Natural Pursuit
Lane Williams, Division 2, 12th grade #ws17e-s3d2

The door looms ominously before me. I pull on my gloves in anticipation of the bitter cold it promises on the other side. Although I am now sufficiently covered with my face being the only skin susceptible to the elements, I still stand there, not quite ready for what I am about to face. However, sunrise is fast approaching, and I have a good bit of perilous ground to cover before it arrives. The vile door swings easily on its hinges at a twist of the knob to unleash the full force of the frigid draft. Knowing return is not an option, I reluctantly press onward into the biting breeze with visions of my warm bed, prematurely left, turning cold all too early.

A glance at my phone resting in my gloved hand tells me the time is five o’clock A.M. I have only a half hour to traverse the treacherous terrain. Opening the back hatch of my parents’ Jeep, I equip myself for the task at hand. My massive compound bow comes out first. I then strap on the string release to my hand over my glove. I know I will probably have to redo the ordeal after taking my gloves off later in the morning, but right now I cannot bear to be gloveless. I select my sharpest and truest arrows to fill my small quiver and shut the hatch. The last thing I do in preparation before mounting the all-terrain vehicle before me is to look around for the dog. It is an odd custom, but my grandparents’ dogs, in particular, are very fond of deer drives. Seeing no fur about, I gain peace of mind knowing they must be sleeping soundly in the warm garage. Finally, I climb aboard my grandpa’s small four-wheeler.

My hands are already numbing through my gloves as I meander along the path of a driveway towards the horse pasture. Passing through the gate, I think I spy a deer on the horizon, but I realize it is just Speckles, my grandpa’s gray speckled, white horse that is as stubborn as a mule. Disappointed, I motor over the ground towards the back of the pasture. Mud would normally be abundant in this area, but the cold air has frozen it solid. I stop just short of a hopelessly overgrown barbed-wire fence. I locate an opening in the cold-strangled vegetation at which to cross the dilapidated barrier. Placing my bow on the ground beyond the fence, I carefully step over the wire, which is no easy task with my layers of baggy warmth-conservers. Retrieving my weapon, I resume my trek on foot. I follow an open trail downhill, guided only by moonlight, until it ends abruptly. I attempt to fearlessly traipse into the black woods but am quickly frustrated by thorn bushes. I wisely decide to unsheathe my flashlight and continue to pick my way along the hillside, now guided by illumination. Even with my light shining, I am frequently frustrated in the thick growth as I cross a wet-weather wash and begin to ascend the other side of the ravine into which I have descended.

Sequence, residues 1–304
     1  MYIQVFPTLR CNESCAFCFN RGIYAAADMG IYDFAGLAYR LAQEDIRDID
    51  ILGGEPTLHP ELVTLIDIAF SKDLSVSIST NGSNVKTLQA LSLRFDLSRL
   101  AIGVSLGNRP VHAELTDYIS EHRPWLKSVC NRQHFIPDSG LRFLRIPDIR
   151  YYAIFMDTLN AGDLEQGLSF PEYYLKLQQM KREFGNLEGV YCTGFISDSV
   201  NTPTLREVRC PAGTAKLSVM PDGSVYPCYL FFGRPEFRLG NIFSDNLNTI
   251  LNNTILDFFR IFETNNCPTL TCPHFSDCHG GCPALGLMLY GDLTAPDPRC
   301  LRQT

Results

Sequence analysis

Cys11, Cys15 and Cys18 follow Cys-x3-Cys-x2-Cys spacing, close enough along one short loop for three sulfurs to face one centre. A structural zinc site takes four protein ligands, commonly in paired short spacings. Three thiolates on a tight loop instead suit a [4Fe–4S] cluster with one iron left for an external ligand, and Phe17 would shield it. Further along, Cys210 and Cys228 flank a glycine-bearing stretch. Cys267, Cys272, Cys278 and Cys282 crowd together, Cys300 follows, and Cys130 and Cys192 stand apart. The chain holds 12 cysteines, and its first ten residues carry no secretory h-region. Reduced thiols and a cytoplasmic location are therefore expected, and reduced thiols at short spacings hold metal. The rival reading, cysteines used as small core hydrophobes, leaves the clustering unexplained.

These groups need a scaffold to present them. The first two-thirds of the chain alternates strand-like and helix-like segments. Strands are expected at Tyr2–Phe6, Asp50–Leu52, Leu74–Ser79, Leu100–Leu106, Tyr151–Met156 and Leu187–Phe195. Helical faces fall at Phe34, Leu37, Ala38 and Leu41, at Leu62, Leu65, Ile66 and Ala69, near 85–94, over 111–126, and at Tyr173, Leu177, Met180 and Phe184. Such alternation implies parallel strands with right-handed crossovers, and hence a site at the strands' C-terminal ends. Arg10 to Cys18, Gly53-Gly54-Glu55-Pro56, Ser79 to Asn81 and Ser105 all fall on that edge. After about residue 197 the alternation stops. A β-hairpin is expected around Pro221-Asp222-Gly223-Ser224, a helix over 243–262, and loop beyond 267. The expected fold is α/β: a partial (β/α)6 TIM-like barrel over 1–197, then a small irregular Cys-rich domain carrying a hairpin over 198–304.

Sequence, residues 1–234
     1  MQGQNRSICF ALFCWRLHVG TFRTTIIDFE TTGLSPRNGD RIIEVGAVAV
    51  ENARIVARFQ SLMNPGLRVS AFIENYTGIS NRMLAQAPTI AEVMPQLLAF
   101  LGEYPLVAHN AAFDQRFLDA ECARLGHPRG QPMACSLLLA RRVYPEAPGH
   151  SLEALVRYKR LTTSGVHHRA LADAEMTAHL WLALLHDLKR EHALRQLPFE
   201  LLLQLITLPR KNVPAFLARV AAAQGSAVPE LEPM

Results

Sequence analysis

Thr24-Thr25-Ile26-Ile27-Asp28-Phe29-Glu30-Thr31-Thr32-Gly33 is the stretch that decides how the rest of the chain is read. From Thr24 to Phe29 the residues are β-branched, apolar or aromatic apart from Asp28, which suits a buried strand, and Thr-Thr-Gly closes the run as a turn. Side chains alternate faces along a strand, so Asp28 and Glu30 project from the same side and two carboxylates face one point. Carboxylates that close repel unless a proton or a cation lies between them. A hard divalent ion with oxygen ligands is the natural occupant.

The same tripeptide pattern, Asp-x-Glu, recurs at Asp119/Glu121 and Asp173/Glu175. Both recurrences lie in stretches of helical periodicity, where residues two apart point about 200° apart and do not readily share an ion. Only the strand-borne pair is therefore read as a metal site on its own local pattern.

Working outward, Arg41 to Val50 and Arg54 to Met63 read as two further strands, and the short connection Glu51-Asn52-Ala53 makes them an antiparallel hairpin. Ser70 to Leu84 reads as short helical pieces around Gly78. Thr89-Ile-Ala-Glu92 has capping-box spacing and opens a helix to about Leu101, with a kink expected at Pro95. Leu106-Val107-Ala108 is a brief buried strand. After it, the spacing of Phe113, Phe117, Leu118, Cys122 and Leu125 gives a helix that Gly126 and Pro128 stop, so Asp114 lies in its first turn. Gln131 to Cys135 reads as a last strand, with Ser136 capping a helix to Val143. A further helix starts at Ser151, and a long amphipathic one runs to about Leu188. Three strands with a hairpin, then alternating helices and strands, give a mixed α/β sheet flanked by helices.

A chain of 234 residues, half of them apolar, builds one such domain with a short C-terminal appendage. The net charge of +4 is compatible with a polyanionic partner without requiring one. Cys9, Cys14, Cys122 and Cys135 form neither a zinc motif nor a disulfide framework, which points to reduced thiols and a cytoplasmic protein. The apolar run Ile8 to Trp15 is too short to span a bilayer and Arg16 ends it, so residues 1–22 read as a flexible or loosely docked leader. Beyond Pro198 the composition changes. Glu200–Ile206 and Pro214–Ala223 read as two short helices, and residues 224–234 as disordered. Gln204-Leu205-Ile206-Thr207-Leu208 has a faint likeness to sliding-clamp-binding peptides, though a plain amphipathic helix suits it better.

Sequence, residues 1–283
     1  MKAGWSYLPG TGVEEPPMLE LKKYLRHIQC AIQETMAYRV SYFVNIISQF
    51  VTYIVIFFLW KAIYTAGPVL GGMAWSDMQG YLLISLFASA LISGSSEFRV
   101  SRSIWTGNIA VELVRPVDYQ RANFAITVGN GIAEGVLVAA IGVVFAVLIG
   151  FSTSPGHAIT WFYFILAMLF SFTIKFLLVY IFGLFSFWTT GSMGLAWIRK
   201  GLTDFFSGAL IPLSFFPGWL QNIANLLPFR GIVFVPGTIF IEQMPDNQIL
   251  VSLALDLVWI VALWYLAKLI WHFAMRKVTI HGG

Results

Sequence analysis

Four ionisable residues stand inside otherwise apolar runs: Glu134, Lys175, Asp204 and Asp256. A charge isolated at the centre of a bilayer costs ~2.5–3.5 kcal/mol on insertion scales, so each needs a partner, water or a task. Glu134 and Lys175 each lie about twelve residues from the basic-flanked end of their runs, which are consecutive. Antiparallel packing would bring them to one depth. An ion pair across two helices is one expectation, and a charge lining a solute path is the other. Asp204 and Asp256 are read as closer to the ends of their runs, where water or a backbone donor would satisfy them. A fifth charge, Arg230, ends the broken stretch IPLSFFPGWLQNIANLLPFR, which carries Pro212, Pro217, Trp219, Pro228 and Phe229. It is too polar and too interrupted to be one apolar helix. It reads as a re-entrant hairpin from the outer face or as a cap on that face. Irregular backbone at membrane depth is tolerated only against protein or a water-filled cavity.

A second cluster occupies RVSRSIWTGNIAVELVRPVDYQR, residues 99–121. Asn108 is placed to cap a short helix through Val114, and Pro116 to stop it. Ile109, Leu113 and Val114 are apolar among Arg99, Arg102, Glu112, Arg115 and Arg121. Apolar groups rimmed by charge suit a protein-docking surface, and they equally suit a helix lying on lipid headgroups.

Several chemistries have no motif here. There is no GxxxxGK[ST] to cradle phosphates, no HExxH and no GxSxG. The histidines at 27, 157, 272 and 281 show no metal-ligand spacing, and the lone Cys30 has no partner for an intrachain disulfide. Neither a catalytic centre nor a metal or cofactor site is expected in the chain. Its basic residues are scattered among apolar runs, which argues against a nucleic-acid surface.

I temporarily exit the forest and plod through a field, my goal being the woods beyond. My boots crunch the frostbitten grass into the frozen dirt. As I continue on, I cannot help but notice the dew frozen on the stalks causes them to strikingly resemble the wispy white hairs on a wise man’s head. The stalks wave steadily in the breeze, continually pointing me onward towards my destination. Here the moonlight is brighter, so I switch my light off temporarily until I reenter the gathering of tangled, leafless, bark-clad trees. In the beam of my light, I finally spot the first glimpse of green I have seen since entering this near-winter wood. I sweep the light to reveal the short, green sprouts of what deer hunters call a food plot. This plot was planted in early fall, strategically located in a clearing of the wood near a bluff that overlooks a murky creek.

I am beginning to sweat from my journey as I carefully climb the ladder of my destination deer stand. Finally seated, I survey the beauty before me as the morning sun begins to stir just beyond the horizon. Soon it will slowly awaken, bathing this wood in golden, warm rays. I will be able to clearly behold the sprawling beauty of the hills and crackling leaves, of the dull cedars and bright winter clover, of the fields, in the distance beyond the bluff, that have been long ago harvested. Hopefully, the pinnacle of my beauty-beholding will be when I behold the beauty of the majestic whitetail deer, rack shining and hide shimmering. This is what nature means to me. Nature is the thrill of pursuing elusive wildlife and reliving our ancestors’ struggle for survival. Although my survival does not hinge on my success this day, the quality of my meat for the next year certainly does, as beef can never hold a candle to wild game. A wall-hanger and a full freezer is certainly the goal, but even if success is not found this day, it will be a day well spent enjoying God’s creation and the sheer artistry exhibited therein. As this thought passes from my mind, I smile against the lessening cold and lay my capped head against the rough oak bark to grab some shut-eye as I patiently await sunrise and the day’s hunt.
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